Wednesday, 11 September 2013

Author Interview with Christoph Fischer, Author of "The Luck of the Weissensteiners" and "Sebastian."

Today I welcome the Author, Christoph Fischer to the blog. Christoph presently has two books out, the first of which is The Luck of the Weissensteiners. This is set in war torn Europe and incidentally, is one of the top ten indie books for August 2013.

Hello Christoph, and welcome. It's great to speak with you today and to learn a little more about your books, the Three Nations Trilogy.

Hello Sue and thanks for inviting me to your blog.

    Always a pleasure to host a fellow writer of historical fiction. Can I begin by asking what was it that influenced you to explore such periods of history?

When my interest in family history arose a few years ago I realised how little I knew about any of it, particularly Czechoslovakian history before and during WWII and about the places where my family came from. There was nobody I could get first-hand information from so I had to get my head into the archives and history books.
I am not a ‘pure’ German and have often felt a little bit like an outsider in Germany. Now I even live as an ‘alien’ in the UK and maybe that is why my interest was drawn to periods in history where Nations were drawn together or separated.
The fascination with what I found led to my first book, “The Luck of the Weissensteiners”. [My ancestors had different experiences to the characters in my book but they infiltrated my story a lot.]
Vienna and the early 1900's have always been mentioned in the literature I read for book one as a perfect place in history. I wanted to find out if that was true, which is why I chose it as the setting for my second book “Sebastian”. There were some unanswered questions and themes from the first book that I wanted to explore further and so I decided to write the Three Nations Trilogy. The breaking down of the multi-cultural Austro-Hungarian Empire in “Sebastian” serves as a useful and sharp contrast to the pan-Germanic Third Reich and offers a point for reflection between the two books.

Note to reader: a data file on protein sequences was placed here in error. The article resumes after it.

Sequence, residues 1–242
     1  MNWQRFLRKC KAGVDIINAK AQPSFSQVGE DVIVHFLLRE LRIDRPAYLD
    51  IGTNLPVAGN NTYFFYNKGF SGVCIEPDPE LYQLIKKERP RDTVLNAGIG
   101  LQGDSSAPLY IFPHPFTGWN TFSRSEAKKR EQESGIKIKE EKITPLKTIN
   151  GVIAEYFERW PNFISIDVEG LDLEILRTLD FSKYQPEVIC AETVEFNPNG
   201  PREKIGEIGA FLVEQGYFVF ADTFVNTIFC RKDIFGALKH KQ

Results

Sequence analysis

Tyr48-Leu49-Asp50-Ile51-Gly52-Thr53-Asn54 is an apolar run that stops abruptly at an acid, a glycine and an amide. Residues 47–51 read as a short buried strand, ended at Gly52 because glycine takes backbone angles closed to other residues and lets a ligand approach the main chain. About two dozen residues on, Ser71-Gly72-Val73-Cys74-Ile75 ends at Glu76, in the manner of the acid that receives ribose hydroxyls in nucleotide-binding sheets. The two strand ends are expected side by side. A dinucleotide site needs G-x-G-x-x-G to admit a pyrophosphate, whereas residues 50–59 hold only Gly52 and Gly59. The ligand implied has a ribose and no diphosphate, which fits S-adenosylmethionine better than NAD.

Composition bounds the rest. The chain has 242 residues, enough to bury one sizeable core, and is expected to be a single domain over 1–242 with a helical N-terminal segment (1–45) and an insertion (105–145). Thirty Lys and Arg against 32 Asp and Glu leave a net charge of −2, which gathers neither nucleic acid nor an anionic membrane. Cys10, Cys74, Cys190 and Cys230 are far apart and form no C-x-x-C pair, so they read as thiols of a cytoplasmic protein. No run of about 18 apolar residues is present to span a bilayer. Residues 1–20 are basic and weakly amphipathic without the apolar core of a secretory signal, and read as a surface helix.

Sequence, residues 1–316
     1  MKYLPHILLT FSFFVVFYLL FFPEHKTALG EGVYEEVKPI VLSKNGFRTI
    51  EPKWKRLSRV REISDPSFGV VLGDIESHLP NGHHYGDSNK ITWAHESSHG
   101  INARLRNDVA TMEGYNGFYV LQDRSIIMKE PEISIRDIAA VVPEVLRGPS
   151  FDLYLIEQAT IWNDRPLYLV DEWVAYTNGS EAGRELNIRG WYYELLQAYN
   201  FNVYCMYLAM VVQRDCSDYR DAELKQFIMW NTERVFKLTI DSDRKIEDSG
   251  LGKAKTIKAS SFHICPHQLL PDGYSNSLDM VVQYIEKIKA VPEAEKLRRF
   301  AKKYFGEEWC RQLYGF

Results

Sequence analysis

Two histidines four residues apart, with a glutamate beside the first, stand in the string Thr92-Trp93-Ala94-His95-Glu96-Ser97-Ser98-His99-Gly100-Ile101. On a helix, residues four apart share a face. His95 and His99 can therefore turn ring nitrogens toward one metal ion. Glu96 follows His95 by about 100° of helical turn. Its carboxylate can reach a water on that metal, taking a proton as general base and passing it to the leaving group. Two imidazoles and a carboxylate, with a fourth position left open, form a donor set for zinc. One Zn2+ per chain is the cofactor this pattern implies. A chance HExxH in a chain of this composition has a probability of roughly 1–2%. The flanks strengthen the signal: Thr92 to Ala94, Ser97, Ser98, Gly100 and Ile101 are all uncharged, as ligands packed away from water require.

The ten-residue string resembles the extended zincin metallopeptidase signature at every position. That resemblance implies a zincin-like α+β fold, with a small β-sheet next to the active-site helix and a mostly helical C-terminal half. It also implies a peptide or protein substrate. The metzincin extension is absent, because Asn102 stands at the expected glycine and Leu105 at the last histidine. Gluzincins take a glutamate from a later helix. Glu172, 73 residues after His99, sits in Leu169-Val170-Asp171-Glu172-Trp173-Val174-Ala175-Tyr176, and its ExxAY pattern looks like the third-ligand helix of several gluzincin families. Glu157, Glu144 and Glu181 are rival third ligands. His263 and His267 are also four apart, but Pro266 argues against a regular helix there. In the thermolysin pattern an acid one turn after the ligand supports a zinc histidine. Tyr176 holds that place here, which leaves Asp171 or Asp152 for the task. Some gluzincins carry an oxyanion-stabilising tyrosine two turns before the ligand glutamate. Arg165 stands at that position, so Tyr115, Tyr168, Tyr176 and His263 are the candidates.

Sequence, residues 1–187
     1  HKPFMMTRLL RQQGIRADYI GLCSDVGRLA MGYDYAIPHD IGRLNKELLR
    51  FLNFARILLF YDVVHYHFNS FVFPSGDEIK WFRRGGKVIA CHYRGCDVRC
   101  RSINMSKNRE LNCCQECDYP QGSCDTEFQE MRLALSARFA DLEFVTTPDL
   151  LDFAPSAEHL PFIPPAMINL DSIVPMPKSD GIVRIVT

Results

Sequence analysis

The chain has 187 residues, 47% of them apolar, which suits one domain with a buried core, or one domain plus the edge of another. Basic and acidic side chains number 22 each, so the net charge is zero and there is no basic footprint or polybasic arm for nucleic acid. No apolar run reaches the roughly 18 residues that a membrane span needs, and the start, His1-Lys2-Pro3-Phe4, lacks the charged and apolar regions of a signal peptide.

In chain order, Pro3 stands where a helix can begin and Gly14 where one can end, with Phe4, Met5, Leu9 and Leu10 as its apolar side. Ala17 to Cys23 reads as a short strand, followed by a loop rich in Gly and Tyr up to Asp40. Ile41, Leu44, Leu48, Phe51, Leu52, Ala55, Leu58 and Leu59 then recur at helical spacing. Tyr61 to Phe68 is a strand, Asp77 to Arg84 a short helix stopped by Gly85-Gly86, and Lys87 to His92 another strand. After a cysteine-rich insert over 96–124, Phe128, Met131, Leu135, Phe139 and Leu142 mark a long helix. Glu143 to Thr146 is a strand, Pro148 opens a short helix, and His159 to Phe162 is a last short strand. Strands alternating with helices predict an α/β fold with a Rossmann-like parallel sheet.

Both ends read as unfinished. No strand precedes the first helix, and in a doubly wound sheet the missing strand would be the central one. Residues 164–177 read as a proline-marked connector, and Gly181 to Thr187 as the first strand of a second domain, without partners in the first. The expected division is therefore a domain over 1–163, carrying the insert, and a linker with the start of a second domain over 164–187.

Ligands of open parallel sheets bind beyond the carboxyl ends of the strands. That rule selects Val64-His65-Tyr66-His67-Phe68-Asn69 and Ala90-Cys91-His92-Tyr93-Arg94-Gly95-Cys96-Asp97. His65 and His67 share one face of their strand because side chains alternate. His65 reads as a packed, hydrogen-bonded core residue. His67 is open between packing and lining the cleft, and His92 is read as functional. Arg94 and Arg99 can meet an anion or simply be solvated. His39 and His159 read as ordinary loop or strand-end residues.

Many authors state that it’s vital to establish a regular writing routine, but a few stress that they write only when the muse strikes. How would you describe your own writing process or routine?

I tend to write very early in the morning. Often I get up when it is dark and walk my dogs, then I sit down and write undisturbed until the rest of the world wakes up and starts making its demands on my time. I have been lucky in that I never experienced massive writer’s block. I have good writing days and bad ones. Usually after a few lousy days I am on a roll and catch up quickly.

    There's something special about writing in the early hours while the household sleep on. Describe your favourite writing place.
I used to travel for a living while I wrote the first few books. Any place was good as long as it was quiet and left me undisturbed. My window at home overlooks our garden and I would be lying If I said that the views didn’t inspire me a little. The greatest environment was probably a Japanese Spa retreat during a family holiday.